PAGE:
While there may not be much you can do about your genes, there is much you can do with diet, lifestyle, and thought processing to moderate how you react to stress.
by Judith G Cobb, MH, CI, NCP
Anxiety, joy, happiness, love, pain, heat, cold – every emotion and every sensation experienced by us alters the chemical balance in our brains, and those chemicals can make us feel uptight or relaxed. They are how messages are sent throughout our bodies. This communication system, the nervous system, is divided into several parts. We are going to focus on the autonomic part of this intricate system.
The autonomic nervous system is the part of the nervous system that works without us consciously thinking about it, and that’s a good thing because it regulates breathing, digestion, reactions to stress, and much more. Some people think of this as the ‘automatic’ nervous system.
The autonomic system further subdivides into the sympathetic and parasympathetic systems. The sympathetic system has sympathy for whatever situation you are in. If a bear starts chasing you, this nervous system speeds up your heart rate and breathing, increases your blood pressure, dilates your pupils to increase your peripheral vision, and stops your digestion to divert energy and blood to your large muscles to help you run faster.
The parasympathetic system restores you to your normal, relaxed balance when the threat of the bear is over. It slows down your heart rate and breathing, reduces your blood pressure, constricts your pupils to the appropriate size for the available light, allows your digestion to start up again, and restores the circulation throughout your body.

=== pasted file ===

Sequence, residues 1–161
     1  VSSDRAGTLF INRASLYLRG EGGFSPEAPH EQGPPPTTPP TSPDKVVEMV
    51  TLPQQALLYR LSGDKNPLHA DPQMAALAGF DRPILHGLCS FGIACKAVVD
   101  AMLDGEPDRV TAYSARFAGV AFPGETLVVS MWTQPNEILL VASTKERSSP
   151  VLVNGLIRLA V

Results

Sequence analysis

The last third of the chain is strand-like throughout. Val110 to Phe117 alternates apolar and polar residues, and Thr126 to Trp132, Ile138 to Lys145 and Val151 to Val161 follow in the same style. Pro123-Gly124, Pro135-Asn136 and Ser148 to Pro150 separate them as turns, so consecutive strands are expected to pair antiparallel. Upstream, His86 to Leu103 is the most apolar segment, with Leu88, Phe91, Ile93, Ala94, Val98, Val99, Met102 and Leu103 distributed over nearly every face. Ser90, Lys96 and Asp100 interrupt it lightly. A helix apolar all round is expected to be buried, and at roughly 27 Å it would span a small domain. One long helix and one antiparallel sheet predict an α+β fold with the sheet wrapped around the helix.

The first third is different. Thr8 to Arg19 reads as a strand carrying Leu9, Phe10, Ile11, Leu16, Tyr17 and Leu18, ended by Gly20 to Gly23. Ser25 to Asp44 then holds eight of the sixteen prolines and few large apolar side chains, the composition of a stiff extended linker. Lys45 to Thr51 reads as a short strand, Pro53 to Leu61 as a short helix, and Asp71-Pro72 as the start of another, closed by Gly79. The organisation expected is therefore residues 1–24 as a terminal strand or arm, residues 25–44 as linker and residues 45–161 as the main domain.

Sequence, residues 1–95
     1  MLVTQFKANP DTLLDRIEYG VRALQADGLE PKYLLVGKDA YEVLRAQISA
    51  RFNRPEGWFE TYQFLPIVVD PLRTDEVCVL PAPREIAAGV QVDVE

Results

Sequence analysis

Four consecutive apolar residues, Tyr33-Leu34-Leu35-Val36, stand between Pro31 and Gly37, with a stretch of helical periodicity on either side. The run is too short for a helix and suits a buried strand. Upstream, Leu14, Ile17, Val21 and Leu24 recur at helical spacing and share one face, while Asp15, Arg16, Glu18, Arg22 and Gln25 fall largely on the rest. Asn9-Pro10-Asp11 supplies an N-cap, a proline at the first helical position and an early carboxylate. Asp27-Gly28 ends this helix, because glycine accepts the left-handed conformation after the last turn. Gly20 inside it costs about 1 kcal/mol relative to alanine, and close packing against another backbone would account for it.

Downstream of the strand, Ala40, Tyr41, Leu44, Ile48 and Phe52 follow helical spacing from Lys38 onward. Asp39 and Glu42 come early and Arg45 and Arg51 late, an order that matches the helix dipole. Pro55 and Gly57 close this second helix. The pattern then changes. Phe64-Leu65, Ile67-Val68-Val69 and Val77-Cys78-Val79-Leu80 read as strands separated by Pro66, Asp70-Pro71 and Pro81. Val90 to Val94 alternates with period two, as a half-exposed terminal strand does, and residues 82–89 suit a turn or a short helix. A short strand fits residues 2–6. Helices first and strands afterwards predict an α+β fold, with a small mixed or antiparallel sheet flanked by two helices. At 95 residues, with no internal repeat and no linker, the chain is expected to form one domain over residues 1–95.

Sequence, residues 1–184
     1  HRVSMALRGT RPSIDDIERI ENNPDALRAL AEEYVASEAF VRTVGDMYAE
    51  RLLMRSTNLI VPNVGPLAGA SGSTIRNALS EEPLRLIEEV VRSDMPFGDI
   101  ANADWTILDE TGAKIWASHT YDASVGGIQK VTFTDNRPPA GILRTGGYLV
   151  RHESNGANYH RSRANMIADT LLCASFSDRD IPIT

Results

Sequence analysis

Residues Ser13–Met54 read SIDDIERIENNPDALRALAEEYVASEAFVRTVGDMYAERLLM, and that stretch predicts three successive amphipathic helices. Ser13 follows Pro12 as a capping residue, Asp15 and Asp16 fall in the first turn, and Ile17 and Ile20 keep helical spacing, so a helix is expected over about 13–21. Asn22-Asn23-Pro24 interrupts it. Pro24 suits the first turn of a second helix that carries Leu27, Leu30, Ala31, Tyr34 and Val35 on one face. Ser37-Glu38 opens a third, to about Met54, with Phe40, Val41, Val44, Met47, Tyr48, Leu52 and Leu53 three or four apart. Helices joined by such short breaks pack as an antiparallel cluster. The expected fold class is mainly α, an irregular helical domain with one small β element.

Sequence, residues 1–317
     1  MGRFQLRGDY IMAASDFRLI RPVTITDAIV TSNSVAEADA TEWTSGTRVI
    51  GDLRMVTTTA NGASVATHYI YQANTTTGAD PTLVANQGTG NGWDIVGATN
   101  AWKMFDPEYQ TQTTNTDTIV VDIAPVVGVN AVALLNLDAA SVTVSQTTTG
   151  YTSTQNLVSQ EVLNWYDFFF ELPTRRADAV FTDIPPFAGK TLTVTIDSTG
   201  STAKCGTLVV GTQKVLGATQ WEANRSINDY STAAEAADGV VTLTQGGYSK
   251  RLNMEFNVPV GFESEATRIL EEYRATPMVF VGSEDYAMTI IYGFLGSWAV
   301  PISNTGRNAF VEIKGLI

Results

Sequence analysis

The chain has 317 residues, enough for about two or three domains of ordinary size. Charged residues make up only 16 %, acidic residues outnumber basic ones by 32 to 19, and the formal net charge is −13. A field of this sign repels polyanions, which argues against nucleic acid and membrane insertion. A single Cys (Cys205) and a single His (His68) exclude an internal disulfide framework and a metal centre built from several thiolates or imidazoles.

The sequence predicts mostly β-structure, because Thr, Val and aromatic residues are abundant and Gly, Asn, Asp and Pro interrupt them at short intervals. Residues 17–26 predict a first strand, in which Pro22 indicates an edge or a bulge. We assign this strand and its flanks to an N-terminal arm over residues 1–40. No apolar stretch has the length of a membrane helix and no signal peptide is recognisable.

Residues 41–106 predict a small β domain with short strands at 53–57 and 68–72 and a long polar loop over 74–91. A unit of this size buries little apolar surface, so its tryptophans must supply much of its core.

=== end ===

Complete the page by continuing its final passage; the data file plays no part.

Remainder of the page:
The adrenal glands, especially, have a very intimate relationship with the nervous system. As the brain receives and interprets stimuli as stressful, messages are sent to the adrenal glands to stimulate the release of adrenaline. Adrenaline is responsible for the ‘ramping up’ of the responses of the sympathetic system. When the threat is over and the brain recognizes it as such, it sends new, more calm messages through the parasympathetic system to stimulate the adrenals to release acetylcholine which triggers the ramping down process.
Specific markings in your eyes will show whether you are genetically prone to spending a lot of time in the sympathetic or the parasympathetic state. While there may not be much you can do about your genes, there is much you can do with diet, lifestyle, and thought processing to moderate how your nervous system works.
In the following video, learn more about ways to support the healthy function of your nervous system:
Copyright © 2018 by Judith Cobb, Cobblestone Health Ltd. All rights reserved. Please respect the time it takes to write and publish articles. If you will link to this article and give proper attribution, you are encouraged to quote sections (though not the entire article).